William T. Watson
49th Governor of Delaware
In office
April 8, 1895 – January 19, 1897
Preceded byJoshua H. Marvil
Succeeded byEbe W. Tunnell
Member of the Delaware Senate
In office
January 6, 1893 – April 8, 1895
Personal details
Born(1849-06-22)June 22, 1849
Milford, Delaware
DiedApril 14, 1917(1917-04-14) (aged 67)
Milford, Delaware
Political partyDemocratic
Spouse(s)Harriet Beale
Residence(s)Milford, Delaware
Alma materWashington College

William Tharp Watson (June 22, 1849 – April 14, 1917) was an American banker and politician from Milford, in Kent County, Delaware. He was a member of the Democratic Party, who served in the Delaware General Assembly and as Governor of Delaware.

Early life and family

Watson was born in Milford, Delaware, son of Bethuel & Ruth Tharp Watson and grandson of Governor William Tharp. He attended Washington College in Chestertown, Maryland and for a time lived in Philadelphia. He returned to Milford, where he worked with the Delaware, Maryland and Virginia Railroad and the First National Bank. Watson married Harriet Beale and had one child, William Jr. They lived at 600 North Walnut Street, Milford, and were members of Christ Episcopal Church in Milford.

Professional and political career

At the turn of the twentieth century Delaware was going through a political transformation. Most obvious to the public was the unprecedented division in the Republican Party caused, in part, by the ambitions of J. Edward "Gas" Addicks for a seat in the U.S. Senate. A gas company industrialist, he spent vast amounts of his own fortune to rebuild the Republican Party in Delaware, seemingly for that purpose. This effort was very successful in heavily Democratic Kent County and Sussex County, where he financed the organization of a faction that came to be known as "Union Republicans." Meanwhile, he was making bitter enemies of the New Castle County "Regular Republicans," who considered him nothing more than a carpetbagger from Philadelphia.

Watson was a Democrat, and was first elected to the state house in 1884, but his eligibility was challenged due his previous residence in Philadelphia. As a result, did not take his seat and waited eight years, until 1892, to seek office again. Then he was elected to the state senate and served in the 1893/94 session and the 1895/96 session, when he was the Speaker. The 1894 elections, however, resulted in a Republican State House and a Republican Governor. Regardless, the state senate kept its Democratic majority, and when Governor Joshua H. Marvil died, the Speaker of the state senate succeeded him. Watson assumed the office of Governor of Delaware and served from April 8, 1895 until January 19, 1897.

All the while the Delaware General Assembly was attempting to elect a U.S. Senator. Since the two houses voted together, the more numerous Republicans held an overall majority and attempted to elect Henry A. du Pont to the office. But the Republicans were divided and enough supported the candidacy of Addicks to barely prevent a majority from electing du Pont. Then, with accession of Watson to the Governor's office, the total number of members seemed to be reduced and du Pont had a majority. The Delaware General Assembly went to vote only to find Watson had returned to his old state senate seat, casting his vote for the Democratic candidate, but more importantly preventing du Pont from receiving a majority. This was an unprecedented action by an unelected governor, but the Delaware Constitution of 1831, then in effect, did not address the question. The Republican Speaker of the state house disallowed the vote and certified the election of du Pont, but the Democratic-controlled U.S. Senate rejected his credentials, thereby preserving its own majority. This, of course, was the real purpose behind Watson's action. The soon-to-be-drafted Delaware Constitution of 1897 resolved the issue for good by creating the independent office of lieutenant governor.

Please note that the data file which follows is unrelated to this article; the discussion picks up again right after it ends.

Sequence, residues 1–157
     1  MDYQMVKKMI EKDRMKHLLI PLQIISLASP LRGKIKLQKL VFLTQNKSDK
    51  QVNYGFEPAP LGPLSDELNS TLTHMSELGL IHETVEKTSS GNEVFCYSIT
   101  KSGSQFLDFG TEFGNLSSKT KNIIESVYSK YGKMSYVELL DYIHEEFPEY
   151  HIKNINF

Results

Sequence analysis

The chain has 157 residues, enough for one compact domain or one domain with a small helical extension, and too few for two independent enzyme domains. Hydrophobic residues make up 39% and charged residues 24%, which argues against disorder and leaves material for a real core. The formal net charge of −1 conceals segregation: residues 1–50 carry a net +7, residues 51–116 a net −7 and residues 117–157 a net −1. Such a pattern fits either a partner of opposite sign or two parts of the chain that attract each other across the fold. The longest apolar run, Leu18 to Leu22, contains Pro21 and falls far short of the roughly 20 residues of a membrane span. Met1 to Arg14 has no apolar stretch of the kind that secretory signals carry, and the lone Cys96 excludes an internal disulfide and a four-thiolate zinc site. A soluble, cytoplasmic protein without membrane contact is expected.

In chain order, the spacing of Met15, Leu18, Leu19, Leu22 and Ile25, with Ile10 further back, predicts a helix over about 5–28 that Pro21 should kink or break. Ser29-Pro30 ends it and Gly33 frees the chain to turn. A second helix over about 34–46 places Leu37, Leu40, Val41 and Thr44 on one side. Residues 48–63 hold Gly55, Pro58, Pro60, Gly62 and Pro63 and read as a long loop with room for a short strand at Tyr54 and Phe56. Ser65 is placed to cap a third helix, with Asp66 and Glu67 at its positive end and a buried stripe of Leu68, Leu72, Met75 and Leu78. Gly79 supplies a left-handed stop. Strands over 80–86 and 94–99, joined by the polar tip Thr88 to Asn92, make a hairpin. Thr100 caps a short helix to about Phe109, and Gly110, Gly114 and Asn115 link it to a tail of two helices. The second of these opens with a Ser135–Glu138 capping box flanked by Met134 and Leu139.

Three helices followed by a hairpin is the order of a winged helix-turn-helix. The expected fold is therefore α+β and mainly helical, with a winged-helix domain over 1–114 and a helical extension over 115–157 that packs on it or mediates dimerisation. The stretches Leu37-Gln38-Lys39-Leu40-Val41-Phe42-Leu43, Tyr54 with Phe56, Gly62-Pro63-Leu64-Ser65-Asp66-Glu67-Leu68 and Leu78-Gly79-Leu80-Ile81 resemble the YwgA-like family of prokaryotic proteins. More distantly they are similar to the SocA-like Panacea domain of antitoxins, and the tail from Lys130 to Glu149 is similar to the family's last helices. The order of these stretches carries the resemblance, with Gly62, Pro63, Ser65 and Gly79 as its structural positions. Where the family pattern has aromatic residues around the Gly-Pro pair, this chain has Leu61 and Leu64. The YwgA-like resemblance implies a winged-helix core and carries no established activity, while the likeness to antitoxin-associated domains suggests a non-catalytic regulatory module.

Because of Governor Marvil's death, the General Assembly scheduled the next gubernatorial election in 1896, two years into the term. Delaware's gubernatorial elections have been held in the year of the U.S. presidential election ever since.

Delaware General Assembly
(sessions while Governor)
Year Assembly Senate Majority Speaker House Majority Speaker
1895-1896 88th Democratic vacant Republican Henry H. McMullen

Death and legacy

Watson died at Milford and is buried there in the Odd Fellows Cemetery. The Gov. William T. Watson Mansion was listed on the National Register of Historic Places in 1982.[1]


Elections are held the first Tuesday after November 1. Members of the Delaware General Assembly took office the first Tuesday of January. State senators have a four-year term. The governor takes office the third Tuesday of January and has a four-year term.

Public Offices
Office Type Location Began office Ended office notes
State Senator Legislature Dover January 6, 1893 April 8, 1895
Governor Executive Dover April 8, 1895 January 19, 1897 acting
Delaware General Assembly service
Dates Assembly Chamber Majority Governor Committees District
1893-1894 87th State Senate Democratic Robert J. Reynolds Kent at-large
1895-1896 88th State Senate Democratic Joshua H. Marvil Speaker[2] Kent at-large


  1. ^ "National Register Information System". National Register of Historic Places. National Park Service. July 9, 2010.
  2. ^ 1895 session only.



Places with more information

Political offices Preceded byJoshua H. Marvil Governor of Delaware 1895–1897 Succeeded byEbe W. Tunnell